Political Persuasion

A college student's perspective on the two crazy worlds of PR and politics


Ronald Reagan

Reagan’s “Tear Down This Wall” Analyzed

This post appeared yesterday in the National Constitution Center’s blog, “Constitution Daily.”

Twenty-one years ago today, East German authorities opened their border to West Berlin. The Berlin Wall served as the symbolic divide between democracy and communism during the Cold War. For 28 years, East and West Germans were prohibited from communicating with one another. The collapse of the Berlin Wall led to Germany’s emotional reunification, and reversed, as Winston Churchill described—”the iron curtain.”

As a student of public relations and history, I am fascinated by the media’s perception of certain events and its impact on public opinion. For many, Reagan’s infamous “Tear Down this Wall” speech a few years earlier on June 12, 1987, represented a new era—a profound turning point in history with the power to unite a world once divided.

In my opinion, simplicity is often the most effective characteristic of a well-crafted speech. In his speech, Reagan said:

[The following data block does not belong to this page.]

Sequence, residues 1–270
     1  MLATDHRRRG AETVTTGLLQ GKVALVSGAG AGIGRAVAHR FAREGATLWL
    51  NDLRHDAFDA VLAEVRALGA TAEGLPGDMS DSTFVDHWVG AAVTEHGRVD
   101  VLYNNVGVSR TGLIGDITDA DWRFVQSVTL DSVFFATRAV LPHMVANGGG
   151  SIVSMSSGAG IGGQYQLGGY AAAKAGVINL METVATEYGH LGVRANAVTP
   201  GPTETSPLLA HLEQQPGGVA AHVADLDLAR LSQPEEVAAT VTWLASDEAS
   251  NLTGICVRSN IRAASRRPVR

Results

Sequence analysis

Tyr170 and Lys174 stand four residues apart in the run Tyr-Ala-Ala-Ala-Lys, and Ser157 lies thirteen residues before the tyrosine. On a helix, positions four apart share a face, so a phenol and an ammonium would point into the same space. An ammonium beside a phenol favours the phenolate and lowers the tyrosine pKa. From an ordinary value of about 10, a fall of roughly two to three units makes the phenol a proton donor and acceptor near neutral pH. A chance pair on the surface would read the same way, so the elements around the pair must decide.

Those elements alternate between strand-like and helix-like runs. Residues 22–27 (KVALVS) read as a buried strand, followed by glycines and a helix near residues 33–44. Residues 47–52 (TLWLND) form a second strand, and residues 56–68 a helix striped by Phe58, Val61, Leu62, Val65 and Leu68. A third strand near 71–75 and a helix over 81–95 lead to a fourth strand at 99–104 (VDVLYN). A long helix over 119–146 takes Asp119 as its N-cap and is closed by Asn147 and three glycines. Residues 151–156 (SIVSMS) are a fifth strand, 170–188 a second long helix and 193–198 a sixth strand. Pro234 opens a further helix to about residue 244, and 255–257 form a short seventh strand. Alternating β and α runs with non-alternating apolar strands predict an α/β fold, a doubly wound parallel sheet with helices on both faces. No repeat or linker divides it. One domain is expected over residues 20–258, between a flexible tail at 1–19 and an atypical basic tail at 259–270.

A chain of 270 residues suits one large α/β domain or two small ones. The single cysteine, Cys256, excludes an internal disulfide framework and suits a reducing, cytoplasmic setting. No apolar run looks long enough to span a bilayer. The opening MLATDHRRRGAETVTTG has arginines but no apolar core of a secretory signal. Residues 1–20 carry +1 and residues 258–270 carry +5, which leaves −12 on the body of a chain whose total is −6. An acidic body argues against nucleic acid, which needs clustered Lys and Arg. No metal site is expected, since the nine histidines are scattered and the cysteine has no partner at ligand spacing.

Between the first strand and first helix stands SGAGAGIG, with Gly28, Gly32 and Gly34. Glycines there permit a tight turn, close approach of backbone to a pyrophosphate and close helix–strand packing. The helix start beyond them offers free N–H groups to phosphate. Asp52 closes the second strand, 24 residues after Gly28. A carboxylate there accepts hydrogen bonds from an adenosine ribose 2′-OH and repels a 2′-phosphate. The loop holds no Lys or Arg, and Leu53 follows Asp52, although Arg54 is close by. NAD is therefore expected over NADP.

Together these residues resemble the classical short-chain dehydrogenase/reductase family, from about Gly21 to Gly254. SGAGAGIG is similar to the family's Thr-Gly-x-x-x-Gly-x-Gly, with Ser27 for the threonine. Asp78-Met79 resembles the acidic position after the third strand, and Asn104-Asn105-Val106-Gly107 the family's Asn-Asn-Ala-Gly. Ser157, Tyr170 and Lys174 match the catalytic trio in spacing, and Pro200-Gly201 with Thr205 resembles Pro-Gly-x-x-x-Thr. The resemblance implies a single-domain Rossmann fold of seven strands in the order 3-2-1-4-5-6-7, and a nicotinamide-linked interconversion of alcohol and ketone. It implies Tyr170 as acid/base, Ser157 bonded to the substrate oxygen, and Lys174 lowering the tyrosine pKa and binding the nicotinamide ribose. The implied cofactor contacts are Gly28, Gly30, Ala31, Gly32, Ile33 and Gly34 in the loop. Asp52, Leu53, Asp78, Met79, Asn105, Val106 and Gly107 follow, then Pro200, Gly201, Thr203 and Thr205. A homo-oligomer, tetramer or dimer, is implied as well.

“General Secretary Gorbachev, if you seek peace, if you seek prosperity for the Soviet Union and eastern Europe, if you seek liberalization, come here to this gate. Mr. Gorbachev, open this gate. Mr. Gorbachev, tear down this wall!”

Reagan also alludes to Kennedy’s renowned “Ich bin ein Berliner” (I am a citizen of Berlin) speech on June 26, 1963, when he said,

“…President Kennedy spoke at the City Hall those 24 years ago, freedom was encircled, Berlin was under siege. And today, despite all the pressures upon this city, Berlin stands secure in its liberty. And freedom itself is transforming the globe.”

Although Kennedy and Reagan were of different political parties, both emphasized the importance of freedom and liberty. Both had simple, authoritative and optimistic communication styles. They instilled a sense of confidence among the American people and established a firm stance on democratic values domestically and abroad.